Double materiality and data gaps go a long way to explaining the range of results across providers, says Diane Menville, Head of ESG, Scope Group.
The lack of convergence in corporate sustainability scores from different providers continues to make investors uneasy. They want reliable, comparable assessments like credit ratings, but the divergence is deeper rooted than just the lack of good data.
Divergent ESG scores from leading providers reflect a fundamental difference between financial and non-financial ratings.
A credit rating essentially answers one question: what is the probability of default of a debtor?
An ESG score is different. There is no single comparable question. Indeed, investors and issuers today are asking a range of different questions as sustainable investing balloons into a US$40 trillion sector.
The answer for investors is to adjust their expectations and accept that double, if not multiple, ESG scores may be necessary to capture fully the sustainability of their investments
Some corporate ESG scores assess the ESG-related risks companies face such as natural disasters, climate change, regulatory penalties or the danger of stranded assets like oil fields and coal mines. Others measure the impacts of the company itself on the environment and society.
No single score can capture so-called double materiality: the balance of risks and impacts. Take the hypothetical example of a solar-panel manufacturer, paying local staff well but located on low-lying coastline vulnerable to rising sea levels. The company has a good ESG impact score, but the business is danger, hence a poor ESG risk score.
The result is that providers of ESG assessments rely on multiple different criteria, inevitably leading to different results.
The complexity of measuring sustainability, in contrast with creditworthiness, comes into sharper relief when it becomes clear that the ESG risks and impacts of a company extend far beyond its own activities to those of its suppliers and customers: the supply chain.
The so-called upstream and downstream supply-chain factors or, in the terminology of the Greenhouse Gas Protocol, ‘Scope 3’ factors, are crucial for fully assessing ESG risks and impacts. Take other hypothetical examples: either that of an apparel company which has high ESG standards at its own sites but which relies on suppliers with sub-standard practices, or an impeccably run bank which finances environmentally harmful projects. The scores for each would depend heavily on whether the ESG assessment incorporated the company’s supply-chain data or, in the case of a bank, balance-sheet data.
Relative or absolute scores?
If that were not enough, questions regarding ESG have even more nuances. A credit rating is an absolute measure. However, investors seeking to balance risk, reward and sustainability might want a score which shows how well a company rates compared with others in its sector – ‘best in class’ – rather than in absolute terms. ESG risks and impacts vary so hugely between industries – think of coal mining and software development – that absolute scores are not always helpful.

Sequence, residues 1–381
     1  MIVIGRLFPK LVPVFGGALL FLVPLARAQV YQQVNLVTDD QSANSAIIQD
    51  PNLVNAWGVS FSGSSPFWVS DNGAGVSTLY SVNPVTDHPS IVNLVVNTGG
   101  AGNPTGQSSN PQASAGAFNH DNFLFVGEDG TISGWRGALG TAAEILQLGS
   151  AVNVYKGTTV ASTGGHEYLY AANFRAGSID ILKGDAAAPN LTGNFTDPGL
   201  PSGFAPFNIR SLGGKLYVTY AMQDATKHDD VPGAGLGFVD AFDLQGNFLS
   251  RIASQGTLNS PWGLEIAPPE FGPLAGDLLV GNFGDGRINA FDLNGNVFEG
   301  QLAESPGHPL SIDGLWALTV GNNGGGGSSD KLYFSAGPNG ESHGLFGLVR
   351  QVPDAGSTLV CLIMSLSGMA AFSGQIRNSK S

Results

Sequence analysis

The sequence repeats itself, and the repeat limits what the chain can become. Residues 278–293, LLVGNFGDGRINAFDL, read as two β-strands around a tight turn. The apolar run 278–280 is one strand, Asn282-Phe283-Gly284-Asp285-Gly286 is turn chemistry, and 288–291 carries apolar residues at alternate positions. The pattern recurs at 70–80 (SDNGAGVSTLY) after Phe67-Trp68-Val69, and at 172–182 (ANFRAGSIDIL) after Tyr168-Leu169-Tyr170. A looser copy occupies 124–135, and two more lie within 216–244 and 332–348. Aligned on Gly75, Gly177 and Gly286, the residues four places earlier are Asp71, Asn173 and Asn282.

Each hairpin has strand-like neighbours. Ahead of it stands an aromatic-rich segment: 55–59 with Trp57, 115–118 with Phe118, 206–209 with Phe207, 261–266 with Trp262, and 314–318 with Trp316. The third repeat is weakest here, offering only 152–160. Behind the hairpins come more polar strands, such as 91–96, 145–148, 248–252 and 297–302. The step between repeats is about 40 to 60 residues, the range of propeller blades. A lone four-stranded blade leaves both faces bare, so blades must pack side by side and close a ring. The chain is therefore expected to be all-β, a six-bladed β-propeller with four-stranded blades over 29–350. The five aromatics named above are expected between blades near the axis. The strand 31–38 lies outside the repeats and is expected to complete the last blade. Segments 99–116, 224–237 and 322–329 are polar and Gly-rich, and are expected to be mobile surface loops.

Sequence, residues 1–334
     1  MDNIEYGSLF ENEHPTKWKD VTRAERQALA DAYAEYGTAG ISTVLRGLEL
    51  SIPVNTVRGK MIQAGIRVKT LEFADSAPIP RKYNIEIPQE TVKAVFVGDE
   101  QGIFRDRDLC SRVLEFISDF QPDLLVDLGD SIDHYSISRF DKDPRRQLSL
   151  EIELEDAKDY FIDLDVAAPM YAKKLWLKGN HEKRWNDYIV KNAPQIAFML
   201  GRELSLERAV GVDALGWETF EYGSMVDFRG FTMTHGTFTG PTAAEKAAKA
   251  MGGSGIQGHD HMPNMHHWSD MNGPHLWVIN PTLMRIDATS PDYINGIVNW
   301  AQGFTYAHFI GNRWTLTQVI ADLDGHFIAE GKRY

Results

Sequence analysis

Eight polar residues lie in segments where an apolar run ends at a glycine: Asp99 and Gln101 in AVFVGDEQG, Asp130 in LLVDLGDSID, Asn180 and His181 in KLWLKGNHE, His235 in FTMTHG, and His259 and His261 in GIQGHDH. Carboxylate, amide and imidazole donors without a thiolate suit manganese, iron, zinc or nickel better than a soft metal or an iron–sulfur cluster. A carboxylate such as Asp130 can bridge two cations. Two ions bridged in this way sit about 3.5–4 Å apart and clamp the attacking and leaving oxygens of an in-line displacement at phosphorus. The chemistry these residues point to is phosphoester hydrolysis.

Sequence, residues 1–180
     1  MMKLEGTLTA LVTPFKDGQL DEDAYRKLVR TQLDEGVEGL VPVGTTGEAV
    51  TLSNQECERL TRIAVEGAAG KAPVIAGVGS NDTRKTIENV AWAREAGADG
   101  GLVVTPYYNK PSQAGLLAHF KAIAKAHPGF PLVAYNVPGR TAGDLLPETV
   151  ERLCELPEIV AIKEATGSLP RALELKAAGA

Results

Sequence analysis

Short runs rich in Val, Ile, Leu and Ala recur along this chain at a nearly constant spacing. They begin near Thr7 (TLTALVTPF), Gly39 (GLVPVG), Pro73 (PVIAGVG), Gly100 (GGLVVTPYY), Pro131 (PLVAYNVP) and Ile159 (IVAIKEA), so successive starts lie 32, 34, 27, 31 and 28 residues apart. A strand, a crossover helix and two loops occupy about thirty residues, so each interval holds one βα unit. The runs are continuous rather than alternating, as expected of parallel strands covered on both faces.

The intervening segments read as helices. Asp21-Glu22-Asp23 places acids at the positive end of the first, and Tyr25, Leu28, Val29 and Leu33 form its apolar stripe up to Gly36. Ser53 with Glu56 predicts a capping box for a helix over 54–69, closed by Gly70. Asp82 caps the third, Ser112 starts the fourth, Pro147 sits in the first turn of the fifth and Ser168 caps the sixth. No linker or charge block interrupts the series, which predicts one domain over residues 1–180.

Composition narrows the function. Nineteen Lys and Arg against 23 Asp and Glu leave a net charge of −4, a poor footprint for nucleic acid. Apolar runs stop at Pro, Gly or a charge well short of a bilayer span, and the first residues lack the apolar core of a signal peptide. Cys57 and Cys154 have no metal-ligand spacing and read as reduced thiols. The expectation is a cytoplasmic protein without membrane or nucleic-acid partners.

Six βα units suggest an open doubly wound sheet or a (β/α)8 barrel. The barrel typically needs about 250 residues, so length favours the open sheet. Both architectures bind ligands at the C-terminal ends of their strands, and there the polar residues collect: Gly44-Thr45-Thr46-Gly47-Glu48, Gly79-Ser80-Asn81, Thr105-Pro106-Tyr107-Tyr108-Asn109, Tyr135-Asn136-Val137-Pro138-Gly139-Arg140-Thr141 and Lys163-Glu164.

With so many different ESG questions to answer and providers’ use of different methodological approaches, it would be a surprise if results did converge.
There is also the problem of the data. For now, there is no ESG disclosure equivalent to the audited financial statements of companies, based on internationally agreed accounting standards, on which credit rating agencies rely for assessing the likelihood of a borrower’s default on its debt.
Inconsistent corporate self-disclosure is big challenge
Most providers of ESG scores depend on companies’ own ESG measures and disclosure which is patchy at best. One alternative is to use macro-economic approximations of corporate ESG impacts which at least provide broad cross-country, cross-sector indications and a comparable way to measure impacts across companies.
Even when disclosure on the data becomes standardised, other problems will have to be addressed before scores converge. One problem is aggregating E, S and G factors which are measured in such different ways: think of GHG emissions, water pollution, accident rates, and gender inequality. Solutions to this vary from attaching different weights to ESG components – which risks being arbitrary – or calculating their cost so they can be more easily compared.
Standardised ESG reporting is on its way
Standardisation is on its way, notably in Europe. The European Commission’s new Corporate Sustainability Reporting Directive (CSRD), a replacement for the Non-Financial Reporting Directive (NFRD), strengthens rules to ensure that Europe’s biggest companies report reliable and comparable sustainability information. ESG scores using the same methodologies – whether focused on risk or impacts, absolute or relative performance, or other criteria – and standardised data should start to converge, repeating the experience of credit ratings which have converged only over time.
However, it is early days. We would not be surprised to see more institutional investors use standardised data to create their own bespoke ESG scores to meet the different demands and sensitivities of their clients. Divergence might yet be a sign of competitive advantage.
 MIT published a study in August 2019 – “Aggregate Confusion: The Divergence of ESG Ratings” – by Florian Berg, Julian F. Koelbel, Roberto Rigobon which compared the normalised scores of five data providers: Asset4 (now part of Refinitiv), MSCI ESG , RobecoSAM, Morningstar’s Sustainalytics and Moody’s Vigeo Eiris.